The IRS just instituted a new voluntary disclosure program for taxpayers who have offshore accounts or assets and who failed to properly report them to the IRS and pay appropriate U.S. taxes. It is called 2011 Offshore Voluntary Disclosure Initiative (“2011 OVDI”). While 2011 OVDI is not available for everyone and some particular circumstances of a case may determine whether it is advisable to go through this program, this new voluntary disclosure program offers a great chance for taxpayers to bring their tax affairs in order and virtually eliminate the possibility of criminal prosecution.
However, what may happen if a taxpayer who should have voluntarily disclosed his offshore income and assets, but fails to do so through 2011 OVDI and the IRS discovers the noncompliance through later examination? This article addresses the common types of penalties that a taxpayer may be subject to in cases where IRS identifies noncompliance with U.S. tax laws before the taxpayer goes through the voluntary disclosure process.
Penalties in General
In general, if the IRS finds out that a taxpayer is not in compliance with U.S. tax laws and fails to voluntarily disclose his offshore assets and foreign bank accounts, the taxpayer may be subject to severe civil and criminal penalties. In additional to accuracy related penalties, the fraud-related penalties, FBAR penalties, and foreign asset reporting penalties (with interest) may be imposed. Combined, all of these penalties and interest may exceed the actual value of nondisclosed assets and foreign bank accounts. In the worst-case scenario, a criminal prosecution may be launched against the noncompliant taxpayers.
Finally, the voluntary disclosure process – which would otherwise be a far less painful way to deal with this problem – is automatically unavailable for taxpayers as soon as they are under civil examination of the IRS.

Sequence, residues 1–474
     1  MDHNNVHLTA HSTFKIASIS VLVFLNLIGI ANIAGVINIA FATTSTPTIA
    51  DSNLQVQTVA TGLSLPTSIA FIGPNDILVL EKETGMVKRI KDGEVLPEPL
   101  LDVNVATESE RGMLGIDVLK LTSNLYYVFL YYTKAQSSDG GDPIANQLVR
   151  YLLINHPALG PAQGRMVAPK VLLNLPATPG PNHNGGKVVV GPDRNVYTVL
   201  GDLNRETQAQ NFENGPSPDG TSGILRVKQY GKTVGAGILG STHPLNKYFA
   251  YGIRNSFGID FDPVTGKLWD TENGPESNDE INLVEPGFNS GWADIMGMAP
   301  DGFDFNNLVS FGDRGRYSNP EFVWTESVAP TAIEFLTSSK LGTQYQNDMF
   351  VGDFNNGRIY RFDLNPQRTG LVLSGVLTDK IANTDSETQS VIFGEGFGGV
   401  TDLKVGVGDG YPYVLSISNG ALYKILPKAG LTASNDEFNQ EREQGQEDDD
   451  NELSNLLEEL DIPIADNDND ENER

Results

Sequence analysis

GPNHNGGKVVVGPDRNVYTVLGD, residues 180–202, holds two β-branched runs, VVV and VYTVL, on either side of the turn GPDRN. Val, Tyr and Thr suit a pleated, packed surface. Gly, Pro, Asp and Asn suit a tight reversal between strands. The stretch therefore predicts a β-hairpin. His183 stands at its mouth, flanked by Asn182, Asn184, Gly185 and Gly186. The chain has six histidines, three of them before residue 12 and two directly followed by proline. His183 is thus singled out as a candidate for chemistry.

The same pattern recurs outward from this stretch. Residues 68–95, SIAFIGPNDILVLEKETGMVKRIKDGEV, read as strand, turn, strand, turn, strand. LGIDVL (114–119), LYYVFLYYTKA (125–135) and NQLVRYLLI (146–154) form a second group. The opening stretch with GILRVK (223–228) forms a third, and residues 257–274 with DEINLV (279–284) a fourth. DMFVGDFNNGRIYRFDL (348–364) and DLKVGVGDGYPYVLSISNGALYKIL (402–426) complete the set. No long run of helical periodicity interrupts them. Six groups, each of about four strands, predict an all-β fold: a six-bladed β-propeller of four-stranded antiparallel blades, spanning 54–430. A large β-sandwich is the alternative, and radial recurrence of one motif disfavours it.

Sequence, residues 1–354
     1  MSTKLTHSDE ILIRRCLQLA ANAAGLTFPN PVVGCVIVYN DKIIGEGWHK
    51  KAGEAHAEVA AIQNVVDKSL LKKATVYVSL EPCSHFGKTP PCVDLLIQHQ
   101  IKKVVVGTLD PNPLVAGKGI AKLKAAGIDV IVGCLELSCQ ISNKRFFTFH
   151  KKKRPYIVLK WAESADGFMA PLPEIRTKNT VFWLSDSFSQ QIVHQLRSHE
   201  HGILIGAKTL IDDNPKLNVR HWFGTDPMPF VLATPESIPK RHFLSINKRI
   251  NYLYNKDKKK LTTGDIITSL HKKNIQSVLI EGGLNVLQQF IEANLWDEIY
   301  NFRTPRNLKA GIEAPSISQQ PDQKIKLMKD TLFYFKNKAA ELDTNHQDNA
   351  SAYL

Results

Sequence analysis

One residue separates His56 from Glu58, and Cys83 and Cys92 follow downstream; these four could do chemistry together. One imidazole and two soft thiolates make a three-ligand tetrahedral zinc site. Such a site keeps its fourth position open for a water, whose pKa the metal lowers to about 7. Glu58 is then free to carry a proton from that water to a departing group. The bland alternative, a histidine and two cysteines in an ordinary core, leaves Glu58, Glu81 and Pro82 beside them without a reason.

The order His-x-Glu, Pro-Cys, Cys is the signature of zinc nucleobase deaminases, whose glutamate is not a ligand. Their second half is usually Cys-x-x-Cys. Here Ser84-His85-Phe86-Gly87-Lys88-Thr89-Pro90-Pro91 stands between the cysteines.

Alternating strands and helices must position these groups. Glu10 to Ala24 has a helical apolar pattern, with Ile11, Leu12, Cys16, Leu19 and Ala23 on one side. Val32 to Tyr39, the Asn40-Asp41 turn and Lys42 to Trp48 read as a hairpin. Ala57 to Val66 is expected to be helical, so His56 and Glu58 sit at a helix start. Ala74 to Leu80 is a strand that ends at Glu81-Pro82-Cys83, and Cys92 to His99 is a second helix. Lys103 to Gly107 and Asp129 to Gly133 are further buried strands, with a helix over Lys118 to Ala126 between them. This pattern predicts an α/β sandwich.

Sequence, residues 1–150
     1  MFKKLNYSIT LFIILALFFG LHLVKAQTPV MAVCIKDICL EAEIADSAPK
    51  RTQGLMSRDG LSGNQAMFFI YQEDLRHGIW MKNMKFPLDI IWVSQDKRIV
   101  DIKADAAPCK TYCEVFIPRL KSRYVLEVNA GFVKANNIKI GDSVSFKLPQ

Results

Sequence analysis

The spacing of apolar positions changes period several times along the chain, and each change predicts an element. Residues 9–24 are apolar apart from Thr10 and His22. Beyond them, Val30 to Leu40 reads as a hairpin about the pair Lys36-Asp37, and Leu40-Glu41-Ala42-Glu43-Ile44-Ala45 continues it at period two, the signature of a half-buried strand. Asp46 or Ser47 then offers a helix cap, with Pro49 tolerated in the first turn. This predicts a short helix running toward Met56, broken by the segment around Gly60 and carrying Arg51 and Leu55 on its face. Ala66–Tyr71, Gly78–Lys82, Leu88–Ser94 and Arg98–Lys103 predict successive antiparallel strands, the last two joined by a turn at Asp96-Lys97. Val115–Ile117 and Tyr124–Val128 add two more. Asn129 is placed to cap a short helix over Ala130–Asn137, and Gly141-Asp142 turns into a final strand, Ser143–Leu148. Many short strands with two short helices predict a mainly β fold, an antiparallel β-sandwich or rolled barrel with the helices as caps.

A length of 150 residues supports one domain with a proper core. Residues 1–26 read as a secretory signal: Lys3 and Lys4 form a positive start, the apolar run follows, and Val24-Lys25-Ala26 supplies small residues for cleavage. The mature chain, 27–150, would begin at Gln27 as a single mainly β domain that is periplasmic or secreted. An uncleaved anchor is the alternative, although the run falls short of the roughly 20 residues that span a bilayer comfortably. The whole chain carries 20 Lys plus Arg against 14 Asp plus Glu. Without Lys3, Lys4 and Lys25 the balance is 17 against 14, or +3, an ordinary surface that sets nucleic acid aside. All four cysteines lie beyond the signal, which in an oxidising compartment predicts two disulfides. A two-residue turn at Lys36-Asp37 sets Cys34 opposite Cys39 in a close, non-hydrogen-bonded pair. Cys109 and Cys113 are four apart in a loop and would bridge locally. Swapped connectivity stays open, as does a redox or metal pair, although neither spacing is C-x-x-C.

Let’s discuss the penalties in detail.
Accuracy-Related and Failure to File and Pay Penalties
An accuracy-related penalty on underpayments is imposed under IRC § 6662. Depending upon which component of the accuracy-related penalty is applicable, a taxpayer may be liable for a 20 percent or 40 percent penalty.
If a taxpayer fails to file the required income tax return, a failure to file (“FTF”) penalty may be imposed pursuant to IRC § 6651(a)(1). The penalty is generally five percent of the balance due, plus an additional five percent for each month or fraction thereof during which the failure continues may be imposed. The total penalty will not exceed 25 percent of the balance due.
If a taxpayer fails to pay the amount of tax shown on the return, a failure to pay (“FTP”) penalty may be imposed pursuant to IRC § 6651(a)(2). The penalty may be half of a percent of the amount of tax shown on the return, plus an additional half of a percent for each additional month or fraction thereof that the amount remains unpaid, not exceeding the total of 25 percent of the balance due.
Fraud penalties may imposed under IRC §§ 6651(f) or 6663. Where an underpayment of tax, or a failure to file a tax return, is due to fraud, the taxpayer is liable for penalties that may essentially amount to 75 percent of the unpaid tax.
Read this article discussing the penalties that may be imposed as a result of a taxpayers failure to file the Form TD F 90-22.1 (Report of Foreign Bank and Financial Accounts, commonly known as an “FBAR”).
Depending on a particular fact pattern, additional penalties may be imposed for failure to file Form 926, 3520, 3520-A, 5471, 5472, and 8865.
In the worst-case scenario, a criminal prosecution may be launched by the IRS. Huge penalties and potential jail time are the possible in case of tax evasion.
Contact Us to Let Us Help You
Sherayzen Law Office can help. We are tax attorneys based in Minnesota who have helped taxpayers throughout the United States to disclose offshore assets, foreign bank accounts and unreported foreign income to the IRS, avoiding the nightmare scenarios for our clients.
For many taxpayers, 2011 OVDI is a chance to become compliant, avoid substantial civil penalties and generally eliminate the risk of criminal prosecution. A voluntary disclosure also provides the opportunity to calculate, with a reasonable degree of certainty, the total cost of resolving all offshore tax issues.
If you believe that you may not be in full compliance with U.S. tax laws, the worst course of action is to do nothing and wait for the IRS to discover your noncompliance. Once this happens, your options are likely to be severely limited and the penalties a lot higher. Therefore, call or e-mail us NOW to let us help you with your tax problems. Remember, all calls and e-mails are confidential and attorney-client privileged.